The Department of Materials has started welcoming back small groups of Undergraduate students to undertake essential practical work.
Present government guidelines permit students to return to campus for essential practical work and for students who were already in London, special concession was granted to allow early access to the practical labs to gain these essential skills.
Collaborative learning beyond the labs
The department has worked extensively to plan the safe reopening of undergraduate teaching laboratories. Laboratories have been refitted with plastic screens to comply with current safety measures, and students have access to new tablet devices at each laboratory bench.
Using the newly installed tablet devices, lab partners and Graduate Teaching Assistants (GTAs) can now interact virtually through MS Teams. The remote and in-person linkup allows remote students to focus on literature research while their in-person partner carries out measurements. Remote students can also complete calculations and feed that information back to the in-person student.
Last week, first-year undergraduates in the laboratory collaborated virtually with their peers to discuss metallography and titration practical exercises. Their experiments included learning how to cast metal; using optical microscopes to look at microstructures; how to mount, grind, polish and etch metal specimens and how to produce gold nanoparticles and measure the amount of gold that had not reacted.
Teaching Fellows, Lab Technicians and Graduate Teaching Assistants are currently present in the labs to oversee operations, ensure student safety and aid their learning.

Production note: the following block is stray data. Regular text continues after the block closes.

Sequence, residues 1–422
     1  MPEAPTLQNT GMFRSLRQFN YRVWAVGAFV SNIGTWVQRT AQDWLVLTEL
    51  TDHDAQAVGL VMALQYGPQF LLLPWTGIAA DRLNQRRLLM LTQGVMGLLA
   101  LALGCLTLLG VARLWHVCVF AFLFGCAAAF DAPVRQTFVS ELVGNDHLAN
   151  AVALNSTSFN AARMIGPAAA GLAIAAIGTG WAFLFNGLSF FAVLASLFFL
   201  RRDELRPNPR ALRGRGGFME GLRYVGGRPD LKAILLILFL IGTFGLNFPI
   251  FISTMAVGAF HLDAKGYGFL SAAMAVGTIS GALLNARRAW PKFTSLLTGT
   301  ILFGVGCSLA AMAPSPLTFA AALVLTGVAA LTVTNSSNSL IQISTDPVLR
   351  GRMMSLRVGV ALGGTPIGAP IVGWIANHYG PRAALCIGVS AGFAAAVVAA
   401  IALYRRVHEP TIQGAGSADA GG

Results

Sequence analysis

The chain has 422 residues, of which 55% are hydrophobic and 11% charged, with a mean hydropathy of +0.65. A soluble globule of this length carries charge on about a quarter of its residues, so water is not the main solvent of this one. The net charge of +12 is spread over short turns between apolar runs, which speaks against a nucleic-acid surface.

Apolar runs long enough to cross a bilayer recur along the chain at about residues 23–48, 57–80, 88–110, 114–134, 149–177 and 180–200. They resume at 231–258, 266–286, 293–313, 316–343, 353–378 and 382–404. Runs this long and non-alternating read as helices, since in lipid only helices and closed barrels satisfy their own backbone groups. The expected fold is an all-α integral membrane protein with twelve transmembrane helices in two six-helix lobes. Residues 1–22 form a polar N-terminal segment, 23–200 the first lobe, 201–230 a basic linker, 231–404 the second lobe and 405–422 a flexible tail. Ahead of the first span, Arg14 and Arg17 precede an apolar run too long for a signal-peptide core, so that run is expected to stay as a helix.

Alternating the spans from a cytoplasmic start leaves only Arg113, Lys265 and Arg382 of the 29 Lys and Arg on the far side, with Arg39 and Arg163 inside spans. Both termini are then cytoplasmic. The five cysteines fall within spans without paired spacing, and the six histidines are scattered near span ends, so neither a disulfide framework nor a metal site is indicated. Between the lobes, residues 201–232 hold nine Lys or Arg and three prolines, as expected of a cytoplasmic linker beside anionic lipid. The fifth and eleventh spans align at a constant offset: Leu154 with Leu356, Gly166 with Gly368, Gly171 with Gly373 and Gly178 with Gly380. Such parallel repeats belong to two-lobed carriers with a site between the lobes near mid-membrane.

Professor Peter Haynes, Head of the Department, said, "I have been delighted to meet some of our first-year undergraduates in labs on Thursday recently, and impressed to see them working collaboratively with remote partners via Teams. I’d like to thank our fantastic team of teaching fellows, who have worked incredibly hard to enable these sessions to be so effective."
First-Year Undergraduate Antonia Fetzer was one of the first students to enter the newly redesigned labs.
She said, "The effort and organization that went into setting these labs up were immense, and it paid off. It was great to use what we have learnt since last October and to see things such as grain structures on actual samples.
From grinding, polishing, and etching to casting, the metallography lab packed a bunch of new skills into a few hours, and it was great to experience the more hands-on aspect of the course. The discussions with lab partners and GTAs helped bridge the gap between what we saw through the microscope and what we had learnt in our lectures."
First-year student Suleyman Bihi also took part in the laboratory classes last week.
He said, "Being back in the Royal School of Mines and doing a titration lab was great. Seeing, conversing and collaborating with my course mates as well made the experience wholesome and enjoyable. It shows what we have missed this year, but I look forward to what the future holds."
A new approach to teaching
The lab redesign was led by Principal Teaching Fellow Dr Paul Franklyn and Senior Teaching Fellow Dr Priya Saravanapavan.
Dr Paul Franklyn said "The teaching fellows chose their roles for the opportunity to innovate and make a difference in teaching.
This experience, although intense and a lot of ongoing work, has been a wonderful chance to see how students can engage in a learning task and develop a love of a subject."
Dr Priya Saravanapavan said "The task of setting up multi-mode teaching within a very short time was quite challenging; however, everyone pulled together to make this work for the summer term.
This task has helped us learn how we can incorporate technology in the labs, which will help improve our Outreach and Summer School activities in the future."
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Department of Materials